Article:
Certainly, the coronavirus (CoV) affects the health of both animals and humans. Respiratory diseases and gastrointestinal conditions appear in domestic animals. For humans, the CoV mostly affected the upper respiratory tract and gastrointestinal tract, from mild self-limiting diseases such as the common cold to more severe forms such as bronchitis and pneumonia.

Since its discovery in the early 1970s, a variety of pathological conditions in domestic animals were attributed to CoV infections, such as canine respiratory coronavirus, bovine coronavirus, feline coronavirus, to name a few. The adaptability of CoVs differs in both animals and humans. Some of the CoVs are already adapted in humans (i.e., 229E, OC43, NL63, and HKU1 Human Coronaviruses), causing mild diseases in humans with weak immune systems. However, in the case of the severe acute respiratory syndrome coronavirus (SARS-CoV) and Middle East respiratory syndrome coronavirus (MERS-CoV), these CoVs are not adapted in humans and are found mainly in animal reservoirs.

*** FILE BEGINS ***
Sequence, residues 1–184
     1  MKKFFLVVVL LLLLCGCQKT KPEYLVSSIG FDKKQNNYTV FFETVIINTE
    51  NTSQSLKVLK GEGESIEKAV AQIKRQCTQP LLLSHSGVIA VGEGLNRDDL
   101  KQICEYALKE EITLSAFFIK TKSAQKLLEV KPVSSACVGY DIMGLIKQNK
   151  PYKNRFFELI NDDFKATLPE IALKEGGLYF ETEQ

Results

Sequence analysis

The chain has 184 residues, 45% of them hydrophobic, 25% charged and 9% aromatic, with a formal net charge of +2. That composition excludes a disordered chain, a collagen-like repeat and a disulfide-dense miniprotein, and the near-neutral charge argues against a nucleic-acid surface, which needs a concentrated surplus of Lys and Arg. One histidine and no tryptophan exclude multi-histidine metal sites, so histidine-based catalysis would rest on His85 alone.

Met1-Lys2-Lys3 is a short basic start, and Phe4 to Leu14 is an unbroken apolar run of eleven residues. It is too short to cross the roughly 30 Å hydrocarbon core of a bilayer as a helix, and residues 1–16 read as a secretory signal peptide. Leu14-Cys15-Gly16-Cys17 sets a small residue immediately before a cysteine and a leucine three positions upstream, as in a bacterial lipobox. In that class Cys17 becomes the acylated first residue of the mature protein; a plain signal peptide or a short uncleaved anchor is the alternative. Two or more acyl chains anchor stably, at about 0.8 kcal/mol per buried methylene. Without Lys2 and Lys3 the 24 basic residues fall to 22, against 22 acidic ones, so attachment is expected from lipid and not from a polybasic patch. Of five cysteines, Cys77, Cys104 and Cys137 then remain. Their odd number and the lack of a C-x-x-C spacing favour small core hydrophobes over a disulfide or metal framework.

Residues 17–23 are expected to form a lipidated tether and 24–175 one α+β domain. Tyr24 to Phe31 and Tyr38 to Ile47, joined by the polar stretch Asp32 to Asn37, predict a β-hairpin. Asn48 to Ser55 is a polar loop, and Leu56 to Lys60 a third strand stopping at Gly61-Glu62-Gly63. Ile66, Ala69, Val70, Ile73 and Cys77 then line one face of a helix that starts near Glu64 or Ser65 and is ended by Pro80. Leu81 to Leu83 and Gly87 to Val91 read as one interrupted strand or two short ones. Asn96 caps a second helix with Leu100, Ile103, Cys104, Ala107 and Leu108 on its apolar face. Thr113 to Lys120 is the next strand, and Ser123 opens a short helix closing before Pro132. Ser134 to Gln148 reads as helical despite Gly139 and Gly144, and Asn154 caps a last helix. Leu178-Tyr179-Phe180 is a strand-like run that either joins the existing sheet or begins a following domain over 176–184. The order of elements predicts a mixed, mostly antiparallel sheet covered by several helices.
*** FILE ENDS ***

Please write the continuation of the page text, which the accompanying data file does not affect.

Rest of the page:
Intra- and Inter-species Transmission of Coronaviruses. Source: Su et al. (June 2016). “Epidemiology, Genetic Recombination, and Pathogenesis of Coronaviruses.” Trends in Microbiology 24(6), 490-502.